To: Governor Scott Walker and Wisconsin state legislators

Shrink Wisconsin's Prison Population by 50%

Shrink Wisconsin's Prison Population by 50%

Prison is a revolving door for the mentally ill and those who struggle with addiction and substance abuse. By investing $75 million/year in treatment alternatives and diversions instead of incarceration, legislators will take an essential step on the path of prison reform.

Why is this important?

As people of faith and moral calling, we can no longer tolerate our neighbors suffering after being imprisoned because of treatable mental health issues and substance abuse. We call on our representatives to help heal our communities with funding for treatment alternatives and diversions for our neighbors who made nonviolent errors in judgment. We cannot allow incarceration to continue to break apart families and cause suffering in our communities.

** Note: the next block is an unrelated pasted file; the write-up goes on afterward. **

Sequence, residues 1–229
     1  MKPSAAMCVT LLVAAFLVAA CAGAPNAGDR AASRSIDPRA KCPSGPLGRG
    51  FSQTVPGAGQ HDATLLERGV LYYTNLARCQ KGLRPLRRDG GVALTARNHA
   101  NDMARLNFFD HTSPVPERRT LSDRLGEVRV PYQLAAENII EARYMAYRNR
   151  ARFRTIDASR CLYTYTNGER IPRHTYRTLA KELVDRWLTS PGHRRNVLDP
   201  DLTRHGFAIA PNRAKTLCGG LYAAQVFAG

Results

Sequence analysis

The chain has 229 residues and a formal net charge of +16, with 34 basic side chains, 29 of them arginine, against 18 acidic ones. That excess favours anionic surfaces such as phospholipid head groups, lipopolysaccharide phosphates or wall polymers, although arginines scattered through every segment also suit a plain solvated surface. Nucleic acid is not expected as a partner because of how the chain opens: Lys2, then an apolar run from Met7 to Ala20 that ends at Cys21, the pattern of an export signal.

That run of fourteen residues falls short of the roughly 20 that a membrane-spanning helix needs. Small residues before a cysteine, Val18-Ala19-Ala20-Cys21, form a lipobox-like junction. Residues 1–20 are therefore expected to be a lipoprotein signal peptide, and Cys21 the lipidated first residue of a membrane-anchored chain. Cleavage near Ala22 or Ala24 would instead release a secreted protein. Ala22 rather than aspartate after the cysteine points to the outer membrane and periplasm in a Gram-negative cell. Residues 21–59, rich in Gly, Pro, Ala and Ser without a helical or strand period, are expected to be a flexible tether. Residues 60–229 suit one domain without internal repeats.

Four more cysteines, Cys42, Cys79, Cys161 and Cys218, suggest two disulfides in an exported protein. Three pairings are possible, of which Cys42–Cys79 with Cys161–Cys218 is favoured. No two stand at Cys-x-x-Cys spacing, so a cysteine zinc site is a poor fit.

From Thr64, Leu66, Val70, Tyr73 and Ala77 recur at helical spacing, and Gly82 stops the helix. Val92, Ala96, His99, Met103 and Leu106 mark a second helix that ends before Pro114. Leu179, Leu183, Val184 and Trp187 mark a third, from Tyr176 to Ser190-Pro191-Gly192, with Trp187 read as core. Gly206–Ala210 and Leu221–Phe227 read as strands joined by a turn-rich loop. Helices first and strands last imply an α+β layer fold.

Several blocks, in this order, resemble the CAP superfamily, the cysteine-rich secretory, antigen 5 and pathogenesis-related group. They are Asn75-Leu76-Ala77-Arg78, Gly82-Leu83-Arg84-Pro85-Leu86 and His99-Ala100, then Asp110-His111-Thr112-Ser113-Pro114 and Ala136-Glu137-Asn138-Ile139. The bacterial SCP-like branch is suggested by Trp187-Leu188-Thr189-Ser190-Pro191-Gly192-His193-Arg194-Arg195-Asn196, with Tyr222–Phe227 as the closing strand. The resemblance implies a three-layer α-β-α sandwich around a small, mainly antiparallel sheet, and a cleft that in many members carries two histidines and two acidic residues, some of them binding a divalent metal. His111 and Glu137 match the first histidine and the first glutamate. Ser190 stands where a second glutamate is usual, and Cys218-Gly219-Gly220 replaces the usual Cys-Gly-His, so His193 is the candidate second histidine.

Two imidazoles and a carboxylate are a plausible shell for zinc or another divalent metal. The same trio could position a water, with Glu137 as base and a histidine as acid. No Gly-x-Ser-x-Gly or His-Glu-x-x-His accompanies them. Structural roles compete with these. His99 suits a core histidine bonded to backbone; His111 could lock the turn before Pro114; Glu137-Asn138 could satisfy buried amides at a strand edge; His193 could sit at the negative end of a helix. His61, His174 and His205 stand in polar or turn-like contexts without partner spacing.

$75 million/year in increased funding of existing treatment courts and other proven alternatives and diversions, will save the state money and improve the health and safety of our communities. Incarceration costs nearly twice as much as treatment. The state saves $1.93 with each dollar spent on alternatives versus incarceration. In addition, people who get treatment are 20% less likely to return to jail or prison and 13% more likely to be employed after the program than if they were incarcerated.

Additionally, treatment gives parents a second chance and can transform their lives. They can return to their children and friends to rebuild their families, neighborhoods, and communities. For more information, visit www.prayforjusticeinwi.org.

How it will be delivered

On February 14, we hand-delivered our petition to the office of Governor Scott Walker. Then, on March 14, we brought nearly 1,000 people to the Capitol for our big Day of Action! Now, we continue to collect signatures for our next round of action.

Wisconsin

Reasons for signing

  • Mental health issues, which include addiction, need to be treated as health issues not moral issues.
  • A friend of mine asked.
  • Because... someone I have come to care for is in there and has been since he was 15. He made a big mistake, not because he's a bad person but because he didn't have a great role model. He needs a family. I want to be his family.